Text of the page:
There’s a quiet power to featured artist Billie Zangewa, writes Piet Smedy
How do you perceive the female body, a critical focus of your narrative, as emblematic? The female body represents the historical narrative of women, the struggles and strengths of the sex, as well as its perseverance and its potency and I understand first hand the complexities of it; it is the only story I know how to tell. It is my story.
Where does this place you in the broader, post-metoo conversation?
As a child, I was quickly made aware of what it meant to be a girl in a predominantly patriarchal society and I did not like it. My response was to protect myself in a potentially hostile environment, eventually finding my liberation in self-expression. I have gone through stages where I wanted to show my strength and retaliate but, now, I’m at a place where I want to humanise women by showing one – myself – going about her daily life.
The female body, then, is a dynamic, ever-shifting concept, especially in relation to patriarchy. Is your art – and your narrative – changing with it?
I have come to a place where I no longer make grandiose statements about female power in reaction to patriarchy.
I’m more interested in sharing intimate moments as a way to connect and share. I’m saying, ‘Hey, this is what happens in this female artist’s daily life and this is what she’s really feeling when not making images of goddesses’.
You’ve said previously that you are concerned with a personal and universal female experience. Do you, then, believe in a shared female identity?
Yes, I do. I’m not saying that we are carbon copies of each other, but we have relatable experiences. Having someone put it out there, albeit in narrative form, eliminates feelings of alienation.
The patriarchy prefers women to be mysterious – silenced – and unable to find that connection through sharing.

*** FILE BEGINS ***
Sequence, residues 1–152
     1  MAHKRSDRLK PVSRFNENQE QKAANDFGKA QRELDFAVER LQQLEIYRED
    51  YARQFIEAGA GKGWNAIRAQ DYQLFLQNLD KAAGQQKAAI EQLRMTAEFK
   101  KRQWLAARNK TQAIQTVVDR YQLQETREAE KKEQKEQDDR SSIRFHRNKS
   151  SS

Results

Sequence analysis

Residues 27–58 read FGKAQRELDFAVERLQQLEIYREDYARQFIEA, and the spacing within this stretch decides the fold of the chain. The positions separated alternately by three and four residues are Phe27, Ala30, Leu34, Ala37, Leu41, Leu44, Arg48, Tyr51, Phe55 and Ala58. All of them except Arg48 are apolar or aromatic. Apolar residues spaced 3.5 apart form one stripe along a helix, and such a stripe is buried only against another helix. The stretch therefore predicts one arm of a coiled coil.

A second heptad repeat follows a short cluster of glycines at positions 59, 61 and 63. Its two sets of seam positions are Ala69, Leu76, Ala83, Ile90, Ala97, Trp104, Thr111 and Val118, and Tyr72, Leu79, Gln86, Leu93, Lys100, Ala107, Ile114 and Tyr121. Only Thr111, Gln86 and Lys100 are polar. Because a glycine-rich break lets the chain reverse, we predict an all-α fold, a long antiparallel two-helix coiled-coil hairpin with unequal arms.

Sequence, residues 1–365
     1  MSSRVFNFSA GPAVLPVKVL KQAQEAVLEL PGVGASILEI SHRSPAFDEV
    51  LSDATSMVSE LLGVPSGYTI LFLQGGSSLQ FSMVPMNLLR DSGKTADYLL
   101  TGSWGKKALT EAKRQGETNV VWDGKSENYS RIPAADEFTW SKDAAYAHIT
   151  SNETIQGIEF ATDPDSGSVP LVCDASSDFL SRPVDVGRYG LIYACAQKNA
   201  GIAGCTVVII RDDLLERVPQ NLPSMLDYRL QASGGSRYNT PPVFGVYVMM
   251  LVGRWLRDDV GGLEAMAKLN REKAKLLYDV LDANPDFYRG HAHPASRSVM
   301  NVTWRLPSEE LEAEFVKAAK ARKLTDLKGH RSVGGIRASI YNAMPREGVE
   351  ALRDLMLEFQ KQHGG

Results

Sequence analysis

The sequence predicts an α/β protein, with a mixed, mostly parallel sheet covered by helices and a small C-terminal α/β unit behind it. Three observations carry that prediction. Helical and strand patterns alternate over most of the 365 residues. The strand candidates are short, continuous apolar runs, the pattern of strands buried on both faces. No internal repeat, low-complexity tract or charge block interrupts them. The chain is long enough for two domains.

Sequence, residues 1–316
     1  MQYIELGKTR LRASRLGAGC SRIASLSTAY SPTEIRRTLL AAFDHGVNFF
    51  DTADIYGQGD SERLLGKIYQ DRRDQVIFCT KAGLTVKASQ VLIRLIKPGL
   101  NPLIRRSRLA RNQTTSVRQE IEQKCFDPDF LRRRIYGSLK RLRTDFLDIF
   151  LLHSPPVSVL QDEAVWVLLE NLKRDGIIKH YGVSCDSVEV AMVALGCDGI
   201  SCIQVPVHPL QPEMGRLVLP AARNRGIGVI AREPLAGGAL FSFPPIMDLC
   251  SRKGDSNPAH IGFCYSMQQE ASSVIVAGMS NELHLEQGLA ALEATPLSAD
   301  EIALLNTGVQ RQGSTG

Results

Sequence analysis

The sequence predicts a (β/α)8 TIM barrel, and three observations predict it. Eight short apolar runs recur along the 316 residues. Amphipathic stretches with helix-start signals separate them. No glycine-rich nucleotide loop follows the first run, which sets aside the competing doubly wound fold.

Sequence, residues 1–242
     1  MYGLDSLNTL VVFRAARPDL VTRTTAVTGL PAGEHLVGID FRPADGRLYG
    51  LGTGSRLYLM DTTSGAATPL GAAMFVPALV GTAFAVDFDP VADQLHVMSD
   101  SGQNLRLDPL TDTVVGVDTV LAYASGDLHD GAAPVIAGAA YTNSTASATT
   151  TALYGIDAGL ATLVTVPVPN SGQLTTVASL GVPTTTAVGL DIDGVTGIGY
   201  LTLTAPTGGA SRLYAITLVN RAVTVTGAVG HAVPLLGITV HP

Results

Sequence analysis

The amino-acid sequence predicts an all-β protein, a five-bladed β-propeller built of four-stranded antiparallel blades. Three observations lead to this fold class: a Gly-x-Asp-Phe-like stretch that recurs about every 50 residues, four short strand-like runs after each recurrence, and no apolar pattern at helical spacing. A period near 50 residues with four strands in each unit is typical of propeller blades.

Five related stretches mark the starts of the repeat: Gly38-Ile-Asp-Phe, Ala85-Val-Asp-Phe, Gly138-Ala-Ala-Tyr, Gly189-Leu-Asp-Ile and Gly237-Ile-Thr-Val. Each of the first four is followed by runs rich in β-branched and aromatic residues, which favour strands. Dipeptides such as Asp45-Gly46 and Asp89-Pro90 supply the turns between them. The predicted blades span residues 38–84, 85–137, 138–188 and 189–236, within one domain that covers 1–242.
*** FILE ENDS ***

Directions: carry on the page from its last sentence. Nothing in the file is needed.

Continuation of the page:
‘In a way, it was a form of rebellion to express my sex so openly, without shame or apology’
At the risk of sounding reductive, gender norms dictate that stitching is the realm of the female. Was this something that you were actively cognisant of when you approached this medium?
Absolutely. Sewing is a traditionally female pastime that I have enjoyed since I was a young girl. At art school we were told not to show our ‘femaleness’ in our work, as if there was some kind of shame in being a woman and that a female artist had to be genderless in order to be taken seriously. So, in a way, it was a form of rebellion to express my sex so openly, without shame or apology. There is a quiet power in sewing. It’s like meditation, and something magical and visceral happens when you are focused on this repetitive task. It is a crucial part of my creativity because this is where I find focus – and total surrender. FNB Joburg Art Fair is on from 6 to 9 September at the Sandton Convention Centre fnbjoburgartfair.co.za; blankprojects.com
clockwise, from left artist billie Zangewa at an exhibition of her work; STOLEN MOMENTS; RETURN TO PARADISE II; VISION OF LOVE
clockwise, from top left TEMPORARY REPRIEVE; DATE NIGHT; GREAT EXPECTATIONS; billie Zangewa